Last time on Log Horizon, Marielle and Co. get attacked by fishmen. But Naogutsu’s group also has some goblins to fight! In fact, there’s a lot of goblins. Oh, and these super important Knights of Izumo, who are supposed to protect everyone, decide to just disappear. According to Krusty, this many goblins can only mean that the Return of the Goblin King event has begun. Naogutsu and Marielle’s groups manage to meet up,but they notice a goblin unit making its way to the helpless village of Choushi. Shiroe also spills the beans on the memory loss thing, and Krusty confirms it, as it’s happened to him. Meanwhile, the kids manage to hold off some of the goblins attacking Choushi. While the politics heat up, Princess Raynesia breaks the ice by just offering to recruit people from Akiba herself. When they arrive, Akatsuki changes her into “proper” (a.k.a. fanservice-y) clothes. She and Shiroe give an epic speech, and a bunch of people join to fight back. Also, the twins arrive at Choushi and there is no goblin issue whatsoever, mainly because Marielle’s group already beat them to the punch. The group of 1,200 players splits into units and agrees to meet up at the Midrount Equestrian Gardens. The thumb-twiddlers are at odds with what Raynesia did, but Michitaka smooths them over (I think? I can’t understand any of this political crap…). While Shiroe is organizing stuff, a bunch of Fishmen appear in Choushi. They win, but they lose Rudy, who was a Person of the Earth, and can’t be revived… But Shiroe uses the power of Buddhism and his super-crafting skills to bring him back for long enough to have him sign a contract for him to join Log Horizon, making him an Adventurer who can’t die. Meanwhile, Raynesia and Krusty’s group are attacked by goblins and Dire Wolves, but they’re dealt with smoothly. In the end, the Goblin King was a scrub and never actually showed himself.
I’m sorry, but volume 5 was about as bad as I expected. The whole volume revolved around this Libra Festival thing, as well as the cliche love triangle between Minori and Akatsuki. There was no way for me to write a whole post about that volume alone, so that’s why I’m condensing these two volumes into one post.
The only interesting thing that occurs is what happens in the interlude at the end of the volume. The world of Log Horizon gets a lot bigger and scarier in one fell swoop, and it made me mildly interested in the story for the first time since volume 1.
The layer cake of conflicts gets even thicker in volume 6. For the first time in the series, a murderer attacks Akiba in the dead of night, and somehow, no alerts go off. Also, the Goblin King returns, and since they didn’t kill him the first time, this raid’s gonna be a lot tougher. But as far as the former conflict is concerned… well, the guy’s only been targeting adventurers, who get revived… Yeah, as established ages ago, Log Horizon is not meant to be an emotional rollercoaster. In fact, every time something serious happens, it’s almost immediately followed up with something goofy. Chapter 1 of this volume ends on such an ominous note, and the first thing that happens next chapter is Henrietta trying to put Raynesia into a skimpy nurse’s outfit.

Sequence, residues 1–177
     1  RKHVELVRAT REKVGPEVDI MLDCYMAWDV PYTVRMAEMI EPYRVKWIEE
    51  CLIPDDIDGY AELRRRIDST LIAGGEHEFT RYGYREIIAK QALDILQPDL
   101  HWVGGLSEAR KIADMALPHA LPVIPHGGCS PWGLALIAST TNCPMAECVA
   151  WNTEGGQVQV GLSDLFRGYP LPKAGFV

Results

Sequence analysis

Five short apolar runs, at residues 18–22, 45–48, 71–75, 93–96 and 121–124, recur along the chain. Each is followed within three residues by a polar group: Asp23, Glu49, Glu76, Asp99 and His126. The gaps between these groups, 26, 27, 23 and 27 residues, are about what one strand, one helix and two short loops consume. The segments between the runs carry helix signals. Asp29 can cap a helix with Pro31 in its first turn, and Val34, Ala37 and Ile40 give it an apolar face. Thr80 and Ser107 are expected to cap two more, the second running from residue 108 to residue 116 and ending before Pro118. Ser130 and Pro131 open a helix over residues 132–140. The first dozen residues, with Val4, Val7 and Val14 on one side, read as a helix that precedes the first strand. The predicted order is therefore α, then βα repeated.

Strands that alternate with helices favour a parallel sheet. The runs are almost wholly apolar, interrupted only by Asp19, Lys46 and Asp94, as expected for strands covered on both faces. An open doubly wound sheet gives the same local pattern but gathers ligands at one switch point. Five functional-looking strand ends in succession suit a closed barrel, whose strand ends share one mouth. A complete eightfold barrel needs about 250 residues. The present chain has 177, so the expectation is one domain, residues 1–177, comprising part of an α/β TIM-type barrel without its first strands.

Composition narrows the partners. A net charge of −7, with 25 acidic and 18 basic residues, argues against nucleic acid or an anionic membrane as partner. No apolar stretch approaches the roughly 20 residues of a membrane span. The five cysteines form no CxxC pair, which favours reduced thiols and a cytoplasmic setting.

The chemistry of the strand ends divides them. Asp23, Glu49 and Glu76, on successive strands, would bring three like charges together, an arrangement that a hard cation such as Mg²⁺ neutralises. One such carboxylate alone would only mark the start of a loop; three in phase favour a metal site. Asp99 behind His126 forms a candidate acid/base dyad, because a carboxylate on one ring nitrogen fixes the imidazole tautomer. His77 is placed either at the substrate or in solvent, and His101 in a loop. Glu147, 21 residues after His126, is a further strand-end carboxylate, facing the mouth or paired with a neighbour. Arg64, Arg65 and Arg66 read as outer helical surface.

If you couldn’t tell from volume 6 being titled Lost Child of the Dawn, this one’s all about Akatsuki. She deals with an existential crisis because she’s an Assassin. She devotes herself to protecting Shiroe (because she wuvs him or something arbitrary like that), but realizes that she can’t cut it. Her skills are great for stealth-killing single targets, but, naturally, that doesn’t help in big groups or head-on fights. Get ready to be constantly reminded that Akatsuki’s short, and that she’s sad, and weak!
In fact, that’s been a running theme in Log Horizon’s writing: redundancy. For some reason, the author is telling you rudimentary aspects of the series over and over again. They repeatedly tell you that Adventurers are immortal, People of the Earth are not, Henrietta is a lolicon, and even that Raynesia is a woman. In addition to the boring characters, this is the biggest reason for my declining joy in Log Horizon. I assume that the anime would naturally be better because of the lack of writing, but I’m not so sure anymore, given that I’m not the biggest fan of TV anime.
Oh, and for the record, the climax of the volume has a REALLY abrupt ending. I read the last few pages like eight times because I legitimately couldn’t understand what was occurring. Maybe I was just sick of Log Horizon at this point…
Verdict (Volume 5): 5.5/10
Verdict (Volume 6): 6.9/10
After the boring bonanza of volume 5, volume 6 at least shows some semblance of… er… being interesting? I’m at my wits end with this franchise. I tend to side with critics more often than not, but this is one time when I do not. What do you like about Log Horizon? Seriously, I desperately want to know. I’ve already acknowledged that I like the idea of the world, and Shiroe being a clever-leader-type guy as positives. But that’s not enough. I’ll try to give future volumes a shot, but I’d still love some input.